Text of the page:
From Entrepreneur to Well-Run Practice, by Roger P. Levin, DDS

In Innovation by Dental Entrepreneur

Business schools now have courses and tracks on entrepreneurship. There are many differing definitions of an entrepreneur, but for the purposes of this article we will simply define it as someone who starts a business. Dentists are entrepreneurs. They often start or buy a business that needs to be developed, expanded, systemized, and moved beyond the entrepreneurial stage. There are three identifiable stages of moving from entrepreneur to well-run business. The key to success and happiness is moving through all three stages.


Whether you start your own practice or purchase one, there is an incredible amount of time, effort, energy, and work that goes into it. The goal is to make it successful: to be able to pay bills and gradually generate profit, providing an income, equity, and return on investment to the entrepreneurial founder.

Unfortunately, entrepreneurial start-ups or purchases can be chaotic. Due to no business training in dental school, most dentists have little idea of what they are really doing in terms of running a business. The good news is, unlike a business with an innovative product that no one has ever seen before, a dental practice can quickly access resources to help them get things off the ground. Supply reps, design firms, mentors, consultants, and on-line and live education are all part of the entrepreneurial growth experience.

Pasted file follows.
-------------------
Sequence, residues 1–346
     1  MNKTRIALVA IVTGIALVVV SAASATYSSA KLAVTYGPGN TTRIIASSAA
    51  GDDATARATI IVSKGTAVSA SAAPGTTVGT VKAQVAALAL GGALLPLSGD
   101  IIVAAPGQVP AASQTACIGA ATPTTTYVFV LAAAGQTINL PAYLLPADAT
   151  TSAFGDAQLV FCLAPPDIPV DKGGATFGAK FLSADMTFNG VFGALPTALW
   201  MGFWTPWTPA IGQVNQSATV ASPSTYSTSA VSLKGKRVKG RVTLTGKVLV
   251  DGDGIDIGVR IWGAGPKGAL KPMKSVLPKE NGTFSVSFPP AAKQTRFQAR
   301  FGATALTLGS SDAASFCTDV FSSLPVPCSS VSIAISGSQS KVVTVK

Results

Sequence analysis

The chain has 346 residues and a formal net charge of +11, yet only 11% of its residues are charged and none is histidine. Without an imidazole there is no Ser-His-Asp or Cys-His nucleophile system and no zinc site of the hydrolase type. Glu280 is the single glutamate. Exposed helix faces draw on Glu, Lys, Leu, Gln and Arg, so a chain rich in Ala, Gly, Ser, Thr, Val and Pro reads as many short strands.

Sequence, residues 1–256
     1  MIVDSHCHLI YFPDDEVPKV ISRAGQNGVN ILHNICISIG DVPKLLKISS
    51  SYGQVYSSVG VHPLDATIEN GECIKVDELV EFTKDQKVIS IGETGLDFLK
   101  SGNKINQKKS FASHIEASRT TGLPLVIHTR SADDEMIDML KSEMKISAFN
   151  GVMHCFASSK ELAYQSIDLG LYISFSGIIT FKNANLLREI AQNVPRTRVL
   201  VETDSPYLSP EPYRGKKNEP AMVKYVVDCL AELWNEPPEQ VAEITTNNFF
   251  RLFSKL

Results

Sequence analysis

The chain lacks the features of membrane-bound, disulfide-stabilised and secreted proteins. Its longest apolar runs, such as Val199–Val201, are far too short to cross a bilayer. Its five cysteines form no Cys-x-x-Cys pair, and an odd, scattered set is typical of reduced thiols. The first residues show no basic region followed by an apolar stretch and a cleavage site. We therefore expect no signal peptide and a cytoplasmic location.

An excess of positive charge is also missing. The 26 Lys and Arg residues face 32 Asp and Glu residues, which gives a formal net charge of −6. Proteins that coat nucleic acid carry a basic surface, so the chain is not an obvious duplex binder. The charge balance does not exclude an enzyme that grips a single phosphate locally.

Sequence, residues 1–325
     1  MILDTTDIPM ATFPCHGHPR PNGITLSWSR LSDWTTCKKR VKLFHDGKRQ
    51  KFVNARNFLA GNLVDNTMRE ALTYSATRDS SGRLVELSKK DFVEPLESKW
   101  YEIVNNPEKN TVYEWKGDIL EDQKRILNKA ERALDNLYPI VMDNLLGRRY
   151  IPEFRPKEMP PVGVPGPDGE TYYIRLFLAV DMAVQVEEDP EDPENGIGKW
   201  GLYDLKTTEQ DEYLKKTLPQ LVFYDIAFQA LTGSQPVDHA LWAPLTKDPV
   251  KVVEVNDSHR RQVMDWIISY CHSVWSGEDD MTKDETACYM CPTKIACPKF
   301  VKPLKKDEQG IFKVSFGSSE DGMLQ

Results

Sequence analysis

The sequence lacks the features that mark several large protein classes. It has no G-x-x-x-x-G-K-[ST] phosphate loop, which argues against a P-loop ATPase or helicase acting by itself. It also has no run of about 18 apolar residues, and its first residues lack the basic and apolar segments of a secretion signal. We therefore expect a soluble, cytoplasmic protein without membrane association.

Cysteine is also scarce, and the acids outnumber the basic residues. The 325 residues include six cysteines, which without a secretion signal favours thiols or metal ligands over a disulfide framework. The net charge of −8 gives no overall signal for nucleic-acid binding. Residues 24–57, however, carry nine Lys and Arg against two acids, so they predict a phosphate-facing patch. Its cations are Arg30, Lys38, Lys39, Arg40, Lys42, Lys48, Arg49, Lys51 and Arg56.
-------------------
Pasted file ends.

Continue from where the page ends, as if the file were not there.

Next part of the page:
Again, once the practice is operating there will be a great deal of daily chaos and stress, but at this stage, the stress is more welcome than resented. Entrepreneurs are usually energized, and it takes a lot to wear them out. However, if an entrepreneur dentist doesn’t develop systems in the practice that enable it to operate smoothly, stress and fatigue will eventually grow, customer service problems will emerge, profitability will decrease due to inefficiency, and other negative factors will impact the practice.

The key in the entrepreneurial stage is to implement systems throughout the practice. Systems are the number one factor in dental practice success. They need to be clearly defined (step-by-step) and be measurable. Practice management systems are the main contributing factor to making practices successful.

Remaining stuck in this stage is not a good idea. The dentist will have a career filled with stress, frustration, staff turnover, and continual distractions. This is the nature of an early entrepreneurial business and can be fun and exciting…for a while. Unfortunately, there are dental practices that never fully move beyond this stage.


When the right systems are in place and the team follows those systems, then the practice is ready to move beyond the entrepreneurial stage to Stage 2. Often, assuming the entrepreneurial dentist has established clear goals and targets to be achieved, the practice will be on track and continue to grow. However, it will eventually go on “autopilot” and hit a plateau where it can either remain or fall back. Constantly improving and updating your systems is the key to creating a smooth-running day-to-day operation with excellent team performance.